updated 1/31/2007 8:41:08 PM ET 2007-02-01T01:41:08

States should plan for a flu pandemic much as coastal areas gear up for hurricanes: You act differently when a weak Category 1 storm's heading in than when a powerhouse Category 5 is offshore. The message is central to guidelines being released Thursday to help states prepare for the next worldwide outbreak of a super-flu.

  1. Don't miss these Health stories
    1. Splash News
      More women opting for preventive mastectomy - but should they be?

      Rates of women who are opting for preventive mastectomies, such as Angeline Jolie, have increased by an estimated 50 percent in recent years, experts say. But many doctors are puzzled because the operation doesn't carry a 100 percent guarantee, it's major surgery -- and women have other options, from a once-a-day pill to careful monitoring.

    2. Larry Page's damaged vocal cords: Treatment comes with trade-offs
    3. Report questioning salt guidelines riles heart experts
    4. CDC: 2012 was deadliest year for West Nile in US
    5. What stresses moms most? Themselves, survey says

Old-fashioned infection control — nondrug measures such as voluntary quarantine or closing schools — is a cornerstone of those preparations, which are attempts to slow a pandemic's spread until vaccines become available.

But it is far from clear how well those measures would work or if some could cause more harm than good.

An Associated Press look in December at the nation's preparations found little agreement on best policies, even among neighboring states.

The new guidelines from the Centers for Disease Control and Prevention will not tell states what infection-control steps to take. But officials familiar with the document say it urges a tiered response that ratchets up depending on how bad the new flu is in each community — and reserves the most drastic actions for the worst outbreak.

Most preparations until now have focused on the worst-case scenario of a pandemic as severe as in 1918, when 50 million people worldwide died. But states should not race to close schools, for example, if the next pandemic is much less severe, like the one in 1968 that killed 1 million people.

"You kind of plan for the worst, but the odds are it won't be," said Dr. Robert Stroube, Virginia's health commissioner and president of the Association of State and Territorial Health Officials. "We're coming out with consensus so we don't have to reinvent it in every state throughout the country."

Federal health officials would not discuss important parts of the guidelines before their release Thursday.

But public health specialists cited one: During all but the least severe pandemic, when someone gets the new flu, everyone in that household voluntarily should stay home for seven days, That would help avoid spreading the virus before they realized that they, too, are sick.

'Self quarantine'
This approach is called "voluntary self quarantine." Questions about who should hole up and for how long have been debated hotly. With the official definition, communities should determine how they would deliver food and other necessities to such families, said Jeff Levi of the Trust for America's Health.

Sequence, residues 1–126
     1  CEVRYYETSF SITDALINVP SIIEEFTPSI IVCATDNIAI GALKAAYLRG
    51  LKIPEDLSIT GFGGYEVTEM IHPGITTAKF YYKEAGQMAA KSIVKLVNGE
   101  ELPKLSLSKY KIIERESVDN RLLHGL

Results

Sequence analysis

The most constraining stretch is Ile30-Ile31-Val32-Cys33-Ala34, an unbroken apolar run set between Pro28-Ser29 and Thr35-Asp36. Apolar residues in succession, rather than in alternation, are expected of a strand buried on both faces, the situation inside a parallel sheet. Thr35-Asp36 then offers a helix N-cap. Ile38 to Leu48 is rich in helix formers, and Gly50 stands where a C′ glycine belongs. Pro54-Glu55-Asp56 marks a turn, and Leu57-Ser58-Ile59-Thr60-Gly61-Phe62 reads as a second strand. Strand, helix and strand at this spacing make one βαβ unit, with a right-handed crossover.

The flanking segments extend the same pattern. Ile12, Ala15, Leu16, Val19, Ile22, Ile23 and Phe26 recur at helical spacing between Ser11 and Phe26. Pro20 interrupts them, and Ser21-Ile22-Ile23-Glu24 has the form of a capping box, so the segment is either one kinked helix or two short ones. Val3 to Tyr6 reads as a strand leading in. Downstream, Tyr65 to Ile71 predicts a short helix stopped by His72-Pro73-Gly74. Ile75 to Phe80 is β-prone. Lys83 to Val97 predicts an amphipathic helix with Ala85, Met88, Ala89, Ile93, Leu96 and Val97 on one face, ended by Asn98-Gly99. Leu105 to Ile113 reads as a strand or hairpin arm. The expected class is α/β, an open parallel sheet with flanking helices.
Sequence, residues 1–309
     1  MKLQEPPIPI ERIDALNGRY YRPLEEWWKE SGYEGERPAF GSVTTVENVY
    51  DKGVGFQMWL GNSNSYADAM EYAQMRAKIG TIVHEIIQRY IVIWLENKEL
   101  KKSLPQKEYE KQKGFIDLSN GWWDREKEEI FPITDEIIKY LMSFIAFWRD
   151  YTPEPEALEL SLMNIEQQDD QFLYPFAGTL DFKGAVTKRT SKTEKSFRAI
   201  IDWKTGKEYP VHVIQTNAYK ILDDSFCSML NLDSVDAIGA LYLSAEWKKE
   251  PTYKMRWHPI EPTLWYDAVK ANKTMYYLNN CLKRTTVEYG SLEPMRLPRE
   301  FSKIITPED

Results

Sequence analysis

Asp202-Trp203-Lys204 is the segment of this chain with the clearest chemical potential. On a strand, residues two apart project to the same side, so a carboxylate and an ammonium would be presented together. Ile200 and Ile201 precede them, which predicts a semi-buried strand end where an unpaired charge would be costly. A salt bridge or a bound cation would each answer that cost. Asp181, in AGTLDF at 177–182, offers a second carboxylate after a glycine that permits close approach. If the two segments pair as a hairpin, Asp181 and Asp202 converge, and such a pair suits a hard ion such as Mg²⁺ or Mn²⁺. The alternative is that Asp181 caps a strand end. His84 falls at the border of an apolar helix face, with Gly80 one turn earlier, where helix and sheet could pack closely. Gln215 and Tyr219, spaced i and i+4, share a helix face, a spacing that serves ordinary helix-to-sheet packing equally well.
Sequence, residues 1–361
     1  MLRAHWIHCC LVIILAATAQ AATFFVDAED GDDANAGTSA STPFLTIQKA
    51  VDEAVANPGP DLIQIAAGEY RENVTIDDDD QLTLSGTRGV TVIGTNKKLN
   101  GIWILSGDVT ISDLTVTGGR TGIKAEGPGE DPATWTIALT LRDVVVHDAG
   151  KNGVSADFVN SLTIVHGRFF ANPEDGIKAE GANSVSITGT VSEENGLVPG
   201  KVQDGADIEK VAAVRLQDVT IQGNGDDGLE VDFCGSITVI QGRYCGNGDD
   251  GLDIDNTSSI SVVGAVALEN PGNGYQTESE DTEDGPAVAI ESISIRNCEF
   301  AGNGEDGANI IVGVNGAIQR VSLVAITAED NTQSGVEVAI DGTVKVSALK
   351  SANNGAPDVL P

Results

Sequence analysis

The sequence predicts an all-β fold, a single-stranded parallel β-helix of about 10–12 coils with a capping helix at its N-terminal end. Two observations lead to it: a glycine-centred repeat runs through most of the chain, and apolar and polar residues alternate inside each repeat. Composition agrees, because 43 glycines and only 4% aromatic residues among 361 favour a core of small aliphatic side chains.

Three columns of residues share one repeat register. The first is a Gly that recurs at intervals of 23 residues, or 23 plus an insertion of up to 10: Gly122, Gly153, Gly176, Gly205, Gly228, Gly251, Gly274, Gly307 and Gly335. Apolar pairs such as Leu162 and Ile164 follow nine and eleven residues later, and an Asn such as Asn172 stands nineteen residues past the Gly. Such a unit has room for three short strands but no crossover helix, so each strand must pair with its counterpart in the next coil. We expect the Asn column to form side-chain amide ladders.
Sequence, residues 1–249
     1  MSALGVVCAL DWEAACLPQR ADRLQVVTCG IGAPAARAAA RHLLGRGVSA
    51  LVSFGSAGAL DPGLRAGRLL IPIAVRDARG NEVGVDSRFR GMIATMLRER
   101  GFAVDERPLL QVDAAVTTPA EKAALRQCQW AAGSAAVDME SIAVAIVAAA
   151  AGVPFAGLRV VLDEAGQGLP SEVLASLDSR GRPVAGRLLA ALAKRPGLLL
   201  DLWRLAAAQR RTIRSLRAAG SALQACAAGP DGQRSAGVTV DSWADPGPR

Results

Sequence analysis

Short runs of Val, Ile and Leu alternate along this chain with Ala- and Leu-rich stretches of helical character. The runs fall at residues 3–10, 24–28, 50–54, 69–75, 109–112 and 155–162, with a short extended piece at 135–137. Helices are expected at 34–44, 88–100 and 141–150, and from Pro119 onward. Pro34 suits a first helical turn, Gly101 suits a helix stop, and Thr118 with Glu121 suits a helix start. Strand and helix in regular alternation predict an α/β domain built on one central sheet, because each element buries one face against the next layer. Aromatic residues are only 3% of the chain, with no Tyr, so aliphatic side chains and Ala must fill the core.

It also should spur state discussions about stockpiling extra doses of anti-flu medications for family members to take during that week of quarantine in hopes of warding off infection, Levi added.

Pandemics can strike when the easy-to-mutate flu virus shifts to a strain that people never have experienced. Scientists cannot predict when the next pandemic will arrive, although concern is rising that the Asian bird flu might trigger one if it starts spreading easily from person to person.

Diminishing pandemic's fallout
Keeping society functioning normally as long as possible diminishes a pandemic's economic fallout, and minimizes unintended consequences of infection-control steps. Closing schools means adults lose work to care for children and does not help if older kids sneeze on each other at the mall.

"The challenge to this (taking such steps) is finding the sweet spot of when to turn this on and turning this off," Dr. Martin Cetron, head of CDC's quarantine division, said Wednesday in Atlanta as agency scientists conducted a drill to practice how they would respond to a bird-flu outbreak.

The question is how well CDC will be able to judge the severity of a newly brewing pandemic — and then whether states and a worried public believe predictions that it will not be too severe, Levi said.

Federal officials are "concerned about pulling the trigger too fast" on these measures, he said.

Some states were developing similar tiered approaches, said Dr. Pascal James Imperato, a former New York City health commissioner who now directs public health at the State University of New York-Downstate Medical Center.

Thursday's document "elevates to a national level guidelines that can be used everywhere in the country," he said.

Copyright 2007 The Associated Press. All rights reserved. This material may not be published, broadcast, rewritten or redistributed.

Discuss:

Discussion comments

,

Most active discussions

  1. votes comments
  2. votes comments
  3. votes comments
  4. votes comments